I’m often posed with many questions regarding hunting, “You hunt? Why do you do it? Why do you like it?”
My short simple answer used to be to provide meat on the table, and because it’s fun. After listening to myself talk about hunting stories, and listening to other hunters’ stories, I realized that wasn't really all it; it was just the easiest response to give.
Why do I hunt? Why does anybody hunt?
Simply put... To indulge in nature and all it has to offer. To be able to step outside of society and everyday reality and into the physical world of plants, animals, and the land.
So, what does that mean?
Imagine sitting in the shadow at the bottom of a draw tucked behind a 2-foot sage brush. You just got yourself situated and comfy to begin the waiting game of drawing in that pronghorn you've waited years to draw a tag for. Within a minute you see a buck stand up and come sprinting into the waterhole you've chosen to overlook.
Closer and closer until he's 30 yards from you prancing, snorting, flaring his butt.
He gives you a shot....
you draw your bow back.... screeeeeechhhhh
…the felt was missing on the rest.
He looks at you. You immediately freeze, mid draw; he looks away. You slowly get settled back in. If your adrenaline wasn't pumping before, it sure is now. You almost spooked this beautiful buck.
Now he knows you're there.
He looks at you, then looks away.... Luckily, he’s incredibly attentive to the decoy you put in "his" water hole. Back and forth his head keeps moving.
BUT if you can’t see him, he can’t see you, right?
Every time he looks at you, you close your eyes and hold your breath. Your heart is beating so hard you assume he can hear it.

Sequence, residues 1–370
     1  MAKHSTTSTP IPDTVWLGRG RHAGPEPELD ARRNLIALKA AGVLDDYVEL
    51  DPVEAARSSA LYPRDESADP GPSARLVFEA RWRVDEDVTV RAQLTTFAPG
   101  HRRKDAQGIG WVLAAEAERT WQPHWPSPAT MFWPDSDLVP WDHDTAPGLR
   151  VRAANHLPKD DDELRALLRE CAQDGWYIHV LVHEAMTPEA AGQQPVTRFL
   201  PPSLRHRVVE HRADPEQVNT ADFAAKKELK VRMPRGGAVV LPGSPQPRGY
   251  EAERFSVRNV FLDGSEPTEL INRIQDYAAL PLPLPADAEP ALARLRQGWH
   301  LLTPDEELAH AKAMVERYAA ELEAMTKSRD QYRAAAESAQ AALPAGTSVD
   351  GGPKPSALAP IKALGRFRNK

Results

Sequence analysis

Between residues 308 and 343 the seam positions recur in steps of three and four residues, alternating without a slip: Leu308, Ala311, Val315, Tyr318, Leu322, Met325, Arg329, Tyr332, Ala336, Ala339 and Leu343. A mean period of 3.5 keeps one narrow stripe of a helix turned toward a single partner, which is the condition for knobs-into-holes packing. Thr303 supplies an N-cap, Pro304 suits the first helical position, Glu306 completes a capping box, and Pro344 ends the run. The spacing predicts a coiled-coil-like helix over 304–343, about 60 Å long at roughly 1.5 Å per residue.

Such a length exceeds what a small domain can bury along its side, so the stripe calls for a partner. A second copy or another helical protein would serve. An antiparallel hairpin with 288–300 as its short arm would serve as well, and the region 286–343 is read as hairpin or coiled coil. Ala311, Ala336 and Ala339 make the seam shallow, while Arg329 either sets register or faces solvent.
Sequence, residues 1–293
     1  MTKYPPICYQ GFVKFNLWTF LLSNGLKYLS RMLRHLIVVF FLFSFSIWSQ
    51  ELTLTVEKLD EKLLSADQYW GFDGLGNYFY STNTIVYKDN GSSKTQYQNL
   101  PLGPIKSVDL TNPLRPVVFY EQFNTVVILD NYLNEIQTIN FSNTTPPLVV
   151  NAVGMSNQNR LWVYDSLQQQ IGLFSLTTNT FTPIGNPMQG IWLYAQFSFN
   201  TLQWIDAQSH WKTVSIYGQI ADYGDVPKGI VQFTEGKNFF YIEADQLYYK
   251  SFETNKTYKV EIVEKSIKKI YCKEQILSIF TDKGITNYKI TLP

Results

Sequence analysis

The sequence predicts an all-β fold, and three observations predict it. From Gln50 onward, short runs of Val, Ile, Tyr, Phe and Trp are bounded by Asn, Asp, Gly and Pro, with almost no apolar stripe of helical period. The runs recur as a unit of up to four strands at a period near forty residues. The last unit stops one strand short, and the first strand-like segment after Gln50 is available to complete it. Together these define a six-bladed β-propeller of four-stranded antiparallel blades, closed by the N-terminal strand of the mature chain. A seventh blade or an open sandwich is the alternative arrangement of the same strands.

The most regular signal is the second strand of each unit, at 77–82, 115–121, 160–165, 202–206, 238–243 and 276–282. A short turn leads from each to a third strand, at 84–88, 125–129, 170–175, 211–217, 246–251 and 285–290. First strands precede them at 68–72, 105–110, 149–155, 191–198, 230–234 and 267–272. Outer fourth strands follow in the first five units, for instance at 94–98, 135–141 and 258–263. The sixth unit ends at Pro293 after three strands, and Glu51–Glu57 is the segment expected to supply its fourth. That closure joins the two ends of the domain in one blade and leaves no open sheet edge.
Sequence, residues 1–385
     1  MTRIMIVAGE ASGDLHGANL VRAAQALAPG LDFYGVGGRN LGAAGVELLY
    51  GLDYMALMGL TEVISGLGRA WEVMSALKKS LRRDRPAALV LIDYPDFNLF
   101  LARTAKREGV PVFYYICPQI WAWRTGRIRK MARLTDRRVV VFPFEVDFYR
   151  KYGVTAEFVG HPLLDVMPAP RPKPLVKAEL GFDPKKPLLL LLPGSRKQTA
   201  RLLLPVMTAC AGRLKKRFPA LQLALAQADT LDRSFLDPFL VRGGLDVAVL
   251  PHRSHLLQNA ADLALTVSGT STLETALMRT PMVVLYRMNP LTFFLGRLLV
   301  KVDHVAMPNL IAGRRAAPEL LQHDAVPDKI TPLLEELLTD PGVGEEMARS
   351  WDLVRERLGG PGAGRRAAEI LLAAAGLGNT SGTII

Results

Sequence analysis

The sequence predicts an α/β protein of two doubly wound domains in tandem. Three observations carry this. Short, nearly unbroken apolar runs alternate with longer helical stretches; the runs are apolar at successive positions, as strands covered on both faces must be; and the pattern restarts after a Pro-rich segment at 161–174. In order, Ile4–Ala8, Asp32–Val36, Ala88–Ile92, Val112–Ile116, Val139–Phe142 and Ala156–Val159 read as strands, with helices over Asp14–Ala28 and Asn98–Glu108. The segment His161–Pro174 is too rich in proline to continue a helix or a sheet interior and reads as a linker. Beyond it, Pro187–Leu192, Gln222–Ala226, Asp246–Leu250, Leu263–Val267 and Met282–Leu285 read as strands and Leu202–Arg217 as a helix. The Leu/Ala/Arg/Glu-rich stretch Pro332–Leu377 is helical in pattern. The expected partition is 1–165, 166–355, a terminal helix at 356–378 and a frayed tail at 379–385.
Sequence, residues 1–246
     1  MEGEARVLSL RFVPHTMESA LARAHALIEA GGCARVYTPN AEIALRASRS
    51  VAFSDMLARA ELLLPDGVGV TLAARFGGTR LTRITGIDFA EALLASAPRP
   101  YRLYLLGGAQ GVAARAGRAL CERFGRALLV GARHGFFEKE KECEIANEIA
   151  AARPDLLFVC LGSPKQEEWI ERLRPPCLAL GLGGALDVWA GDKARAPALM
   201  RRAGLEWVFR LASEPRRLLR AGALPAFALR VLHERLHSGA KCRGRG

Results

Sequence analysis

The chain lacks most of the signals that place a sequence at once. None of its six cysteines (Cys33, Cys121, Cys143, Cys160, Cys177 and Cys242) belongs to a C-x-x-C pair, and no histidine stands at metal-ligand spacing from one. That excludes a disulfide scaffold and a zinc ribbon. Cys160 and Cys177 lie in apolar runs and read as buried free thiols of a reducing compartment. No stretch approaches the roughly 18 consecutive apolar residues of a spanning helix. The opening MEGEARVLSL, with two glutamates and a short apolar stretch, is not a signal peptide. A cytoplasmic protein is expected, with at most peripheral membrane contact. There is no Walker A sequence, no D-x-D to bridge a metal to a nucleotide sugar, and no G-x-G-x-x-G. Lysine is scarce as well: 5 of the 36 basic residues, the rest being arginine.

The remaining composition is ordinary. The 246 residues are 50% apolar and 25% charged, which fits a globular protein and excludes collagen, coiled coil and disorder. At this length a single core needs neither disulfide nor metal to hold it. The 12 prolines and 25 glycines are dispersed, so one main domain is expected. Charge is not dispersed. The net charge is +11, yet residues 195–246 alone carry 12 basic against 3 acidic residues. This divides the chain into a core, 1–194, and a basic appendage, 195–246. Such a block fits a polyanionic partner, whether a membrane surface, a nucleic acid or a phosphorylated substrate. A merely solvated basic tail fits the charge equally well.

Finally!!!! He gives you an opening. You draw back (squeal and all), aim, and send it. Thwack! He runs 20 yards and falls!
What you thought felt like 4 hours was 4 minutes! And oh, the magic.
This is the story of the day I fell in love with bow hunting.
And it was just the beginning of it all.
Why did I fall in love with hunting?
First, my ability to take all my adrenaline and anxiety and channel it to stay collected enough to harvest such a beautiful animal.
Second, to just take in the beauty of watching that buck get territorial from just 30 yards away.
Finally, to see nature and the way it works. To have encounters, so up close, is such an incredible, surreal feeling.
Amongst this hunt and other hunts, the one thing I always take away from it all is how beautiful nature is and how magnificent these creatures and their way of life are and how much respect you must give it. I am so incredibly thankful for what nature has to offer.
Nothing can compare to the emotions I feel with every animal I come across. Whether I take the shot or don't. Whether I connect or miss. Whether it's an animal I’m not pursuing that I just happen to cross paths with during my hunting adventure.
The connections I’ve made with animals as a hunter are just the tip of the iceberg. It gets down to the 6-foot manzanita I had to walk through, the natural springs spilling water out of the side of a mountain, the thick timber, steep hills, unshaded sage filled mountain sides, little frogs in a spring, standing 15 yards away from a doe and her two fawns, watching the sun rise and sun set.
Leopold, the second King of the Belgians, wrote, “We can only be ethical in relation to something we can see, understand, feel, love, or otherwise have faith in.” As a hunter, I’ve gained awareness by so closely becoming a part of nature's elements. That awareness becomes a recognition of what I’m accomplishing, long term, as a hunter. A hunter’s involvement with wildlife and the land contributes to the balance of our ecosystem: little things and big things.
Purchasing your license and your tags. That money goes towards protecting, preserving, and restoring wildlife and its habitat.
Understanding that I’m harvesting a renewable resource while simultaneously doing my part to manage populations, to help sustain the ecosystem.
As a hunter, I may play a small part in managing wildlife populations, but my small part supports the BIG picture.
As a hunter, I am aiding in disease control, helping control animal biodiversity, assisting in enhancing food and water availability, and supporting the decrease of habitat loss and destruction.
Fully embracing what it means to be a hunter is important and what hunting means to a hunter is embracing that meaning!
So, when asked, “Why do I hunt?” My response moving forward will be “I hunt because I love continuing to deepen my gratitude for the environment, and enjoy being an active part in protecting and investing in the ecosystem and all that it provides.”